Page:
Avast Free Antivirus is great for automatic sandboxing, but if you want manual sandboxing or Web browsing protection, consider upgrading to the Avast paid products or using another utility. The premium editions of Avast are good for manual sandboxing, but you still might want to try another application, such as Sandboxie, for advanced customization and use.
Sandboxie is a shareware utility offered free for personal use, though if you don’t pay for it after 30 days you’ll get nag screens. It allows you to open your Web browser, email client, and any other program inside customizable sandboxes.
Sandboxie lets you create multiple highly customizable sandboxes, each running in its own virtual environment and retaining its own data. For example, you might use one sandbox for running questionable programs and browsing on potentially dangerous sites, and another sandbox for performing sensitive activities such as online banking or shopping.
Sandboxie will create one default sandbox for you. To add more, you open Sandbox Control, click Sandbox, and select Create New Sandbox.
Unlike the sandboxing features of some antivirus programs, Sandboxie doesn’t automatically sandbox unknown programs. But it does provide several ways to open programs within the sandbox.
Open your Web browser: Click the Sandboxed Web Browser shortcut on your desktop or Start menu to open your default browser within a sandbox.
Open any program via Sandboxie: Click Start, All Programs, Sandboxie, Run any program Sandboxed. Select the sandbox to launch in, and then browse for the program.
Open any program via Windows: Anywhere in Windows, right-click a program and select Run Sandboxed.
Open items from the Start menu: Click Start, All Programs, Sandboxie, Sandboxie Start Menu, and then select the sandbox to launch in. Choose a program from the Sandboxie list of your Start menu desktop shortcuts.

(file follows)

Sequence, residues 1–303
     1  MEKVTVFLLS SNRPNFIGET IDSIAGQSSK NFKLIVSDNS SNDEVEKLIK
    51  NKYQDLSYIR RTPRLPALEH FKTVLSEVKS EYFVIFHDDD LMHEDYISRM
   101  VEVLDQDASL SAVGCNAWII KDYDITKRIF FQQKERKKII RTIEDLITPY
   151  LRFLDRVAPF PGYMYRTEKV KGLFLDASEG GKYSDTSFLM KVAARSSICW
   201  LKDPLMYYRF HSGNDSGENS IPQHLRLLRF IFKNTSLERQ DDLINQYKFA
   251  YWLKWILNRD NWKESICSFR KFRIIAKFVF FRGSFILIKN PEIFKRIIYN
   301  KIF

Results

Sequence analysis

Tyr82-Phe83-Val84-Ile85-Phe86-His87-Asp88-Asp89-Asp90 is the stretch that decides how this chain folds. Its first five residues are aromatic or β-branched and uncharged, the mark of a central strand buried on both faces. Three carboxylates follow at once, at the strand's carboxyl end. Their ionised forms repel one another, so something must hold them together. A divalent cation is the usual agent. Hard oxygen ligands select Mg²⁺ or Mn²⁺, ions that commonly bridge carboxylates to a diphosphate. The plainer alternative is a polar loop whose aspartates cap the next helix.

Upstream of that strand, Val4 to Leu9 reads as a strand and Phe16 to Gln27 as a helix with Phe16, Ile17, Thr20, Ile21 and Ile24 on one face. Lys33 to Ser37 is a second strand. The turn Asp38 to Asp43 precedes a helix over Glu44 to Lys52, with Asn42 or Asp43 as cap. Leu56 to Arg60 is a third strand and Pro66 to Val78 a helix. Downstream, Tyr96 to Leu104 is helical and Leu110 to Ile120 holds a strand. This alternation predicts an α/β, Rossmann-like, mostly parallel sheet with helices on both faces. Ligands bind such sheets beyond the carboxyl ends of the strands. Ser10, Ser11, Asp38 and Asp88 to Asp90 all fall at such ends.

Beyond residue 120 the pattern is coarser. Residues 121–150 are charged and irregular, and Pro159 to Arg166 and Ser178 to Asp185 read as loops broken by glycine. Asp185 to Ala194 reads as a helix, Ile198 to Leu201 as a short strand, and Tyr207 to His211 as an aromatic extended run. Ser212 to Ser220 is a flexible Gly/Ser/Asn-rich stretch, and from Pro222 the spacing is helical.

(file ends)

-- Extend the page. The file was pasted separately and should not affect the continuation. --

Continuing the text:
The registered version of Sandboxie also lets you specify any programs that should be sandboxed automatically, even when you open them normally: To set this up, open Sandboxie Control, right-click the desired sandbox, select Sandbox Settings, choose Program Start, and then select Forced Programs.
By default each sandbox retains any data associated with the programs you run inside the sandbox. For example, if you run a Web browser, it saves your browsing history and temporary Internet files. However, you can delete the sandbox data contents at any time: Open Sandboxie Control, right-click the desired sandbox, and select Delete Contents.
When you download files within a sandboxed browser or save files from any sandboxed program, Sandboxie prompts you to recover them. This action lets you save the items outside of the sandbox onto your regular drives. If you choose not to recover files when prompted, you can always view and recover them later: Open Sandboxie Control, right-click the desired sandbox, and select Quick Recovery.
Sandboxie is great if you plan on using sandboxing on a daily basis, or even just occasionally when you’re Web browsing. But for automatic protection against possible malware, consider using an antivirus suite that includes sandboxing, such as Comodo Internet Security or Avast.
Eric Geier is a freelance tech writer; follow him on Twitter to keep up with his projects. He’s also the founder of NoWiresSecurity, which helps homes and businesses easily protect their Wi-Fi networks with enterprise (802.1x) security.